During January, all Year 8 students at Cowes Enterprise College took part in a history trip to visit the Mary Rose Museum at Portsmouth Historic Dockyard.
The visit included a selection of activities and workshops for the students to take part in which were designed to support the project-based work that has been taking place this term. Every student in the year group was given the opportunity to ask questions relating to their own individual project.
Linking the academy’s Maritime Futures and History curriculums, the trip encouraged students to explore diverse topics such as Tudor navigation, religious practices, socio-economic disparities, multiculturalism, and evidence of international trade and travel. Additionally, students immersed themselves in the rich tapestry of Tudor life, examining historical clothing, pastimes, and culinary traditions.
While at the Mary Rose Museum. Students visited the 4D cinema, where they heard the stories of the divers and volunteers who worked to excavate the shipwreck. Additionally, students enjoyed watching the holographic reenactment on board the Mary Rose and showed a particular interest in ‘Hatch’ the boat dog whose job was to catch the mice and keep the captain company.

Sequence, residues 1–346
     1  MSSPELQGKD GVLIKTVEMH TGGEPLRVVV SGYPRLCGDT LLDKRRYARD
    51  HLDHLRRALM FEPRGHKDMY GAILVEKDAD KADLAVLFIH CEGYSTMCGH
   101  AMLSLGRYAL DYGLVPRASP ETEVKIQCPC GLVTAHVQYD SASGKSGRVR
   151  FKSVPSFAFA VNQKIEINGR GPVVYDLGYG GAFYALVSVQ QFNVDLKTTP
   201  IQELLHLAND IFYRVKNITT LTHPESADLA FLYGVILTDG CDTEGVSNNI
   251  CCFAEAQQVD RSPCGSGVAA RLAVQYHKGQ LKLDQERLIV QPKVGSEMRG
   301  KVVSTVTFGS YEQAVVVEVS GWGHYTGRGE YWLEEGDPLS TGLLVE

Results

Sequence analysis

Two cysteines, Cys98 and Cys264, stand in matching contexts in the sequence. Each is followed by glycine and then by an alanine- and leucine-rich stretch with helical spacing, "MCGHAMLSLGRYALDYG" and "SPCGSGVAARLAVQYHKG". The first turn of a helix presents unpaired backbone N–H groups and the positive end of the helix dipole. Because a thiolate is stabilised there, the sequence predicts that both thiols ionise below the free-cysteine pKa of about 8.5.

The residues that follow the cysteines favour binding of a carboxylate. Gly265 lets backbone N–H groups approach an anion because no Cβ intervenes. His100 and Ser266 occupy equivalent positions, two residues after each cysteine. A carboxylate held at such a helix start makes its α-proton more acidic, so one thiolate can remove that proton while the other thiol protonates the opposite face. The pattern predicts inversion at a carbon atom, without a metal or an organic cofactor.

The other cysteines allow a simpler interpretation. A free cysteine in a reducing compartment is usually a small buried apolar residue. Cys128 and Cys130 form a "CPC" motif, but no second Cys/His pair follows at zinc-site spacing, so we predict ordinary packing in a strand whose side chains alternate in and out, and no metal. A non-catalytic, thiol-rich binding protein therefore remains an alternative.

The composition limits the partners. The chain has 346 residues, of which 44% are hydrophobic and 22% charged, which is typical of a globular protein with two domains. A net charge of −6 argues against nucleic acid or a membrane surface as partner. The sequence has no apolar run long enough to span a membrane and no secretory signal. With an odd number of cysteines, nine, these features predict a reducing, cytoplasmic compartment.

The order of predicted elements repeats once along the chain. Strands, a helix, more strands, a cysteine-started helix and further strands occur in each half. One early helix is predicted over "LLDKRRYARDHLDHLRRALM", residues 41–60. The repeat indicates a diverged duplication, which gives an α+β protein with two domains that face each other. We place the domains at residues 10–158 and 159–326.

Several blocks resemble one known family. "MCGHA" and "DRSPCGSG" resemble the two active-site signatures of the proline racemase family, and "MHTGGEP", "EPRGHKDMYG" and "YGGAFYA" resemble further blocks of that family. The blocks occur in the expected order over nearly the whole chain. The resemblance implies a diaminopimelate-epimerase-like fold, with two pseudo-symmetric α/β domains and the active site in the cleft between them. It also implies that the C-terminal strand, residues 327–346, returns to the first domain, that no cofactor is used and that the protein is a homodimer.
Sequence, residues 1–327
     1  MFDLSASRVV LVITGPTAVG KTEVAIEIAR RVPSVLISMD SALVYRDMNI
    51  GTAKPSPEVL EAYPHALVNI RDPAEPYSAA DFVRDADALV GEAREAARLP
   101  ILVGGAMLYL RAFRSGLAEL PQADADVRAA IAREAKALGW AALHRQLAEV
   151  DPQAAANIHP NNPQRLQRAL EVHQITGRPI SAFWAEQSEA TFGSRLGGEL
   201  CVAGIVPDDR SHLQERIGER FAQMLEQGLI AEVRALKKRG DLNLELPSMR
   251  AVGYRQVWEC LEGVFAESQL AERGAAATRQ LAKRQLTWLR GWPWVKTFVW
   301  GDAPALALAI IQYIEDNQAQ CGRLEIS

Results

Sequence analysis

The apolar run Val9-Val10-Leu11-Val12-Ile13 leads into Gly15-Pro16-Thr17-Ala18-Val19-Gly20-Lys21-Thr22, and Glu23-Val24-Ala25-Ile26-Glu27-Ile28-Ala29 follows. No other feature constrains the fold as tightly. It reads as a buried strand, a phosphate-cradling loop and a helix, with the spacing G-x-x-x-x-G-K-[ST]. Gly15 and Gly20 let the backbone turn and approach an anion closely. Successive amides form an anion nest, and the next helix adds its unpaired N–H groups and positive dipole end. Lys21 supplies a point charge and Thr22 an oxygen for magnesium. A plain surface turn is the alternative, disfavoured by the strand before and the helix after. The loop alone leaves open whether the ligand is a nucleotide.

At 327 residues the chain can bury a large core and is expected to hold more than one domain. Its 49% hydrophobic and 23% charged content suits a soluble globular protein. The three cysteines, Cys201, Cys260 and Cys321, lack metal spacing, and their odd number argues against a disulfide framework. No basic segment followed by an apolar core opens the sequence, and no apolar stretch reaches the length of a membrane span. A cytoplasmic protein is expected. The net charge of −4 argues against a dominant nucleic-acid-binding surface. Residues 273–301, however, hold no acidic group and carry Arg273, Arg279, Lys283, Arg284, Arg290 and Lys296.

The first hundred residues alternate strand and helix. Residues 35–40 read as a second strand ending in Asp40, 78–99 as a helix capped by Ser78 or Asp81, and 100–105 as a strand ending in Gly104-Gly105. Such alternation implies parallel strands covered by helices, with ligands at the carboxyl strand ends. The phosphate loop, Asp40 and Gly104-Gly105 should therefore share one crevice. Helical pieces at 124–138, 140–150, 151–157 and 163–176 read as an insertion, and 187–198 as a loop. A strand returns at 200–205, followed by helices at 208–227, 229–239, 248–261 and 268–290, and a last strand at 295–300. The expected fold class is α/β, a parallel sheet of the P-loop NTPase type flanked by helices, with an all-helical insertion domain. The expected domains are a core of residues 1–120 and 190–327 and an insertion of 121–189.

The trip also offered the opportunity for students to observe the spot in the Solent where the Mary Rose sank.
The Maritime Futures curriculum at Cowes Enterprise College embraces the Solent’s rich heritage and places demanding academic concepts and techniques into ‘real life’ settings using the academy’s close ties with the maritime industry.
Cowes Enterprise College are very grateful to all of the local businesses whose support made this trip possible and to the staff at the Mary Rose Museum who were so welcoming and shared their time, knowledge and expertise.
Rachel Kitley, Cowes Enterprise College Principal, said:
“At Cowes Enterprise College, we are dedicated to providing our students with immersive educational experiences that bring learning to life. Our Maritime Futures curriculum is woven through various subject areas as part of the broader curriculum, and allows students to explore our rich maritime heritage while honing critical academic skills in a real-world context.”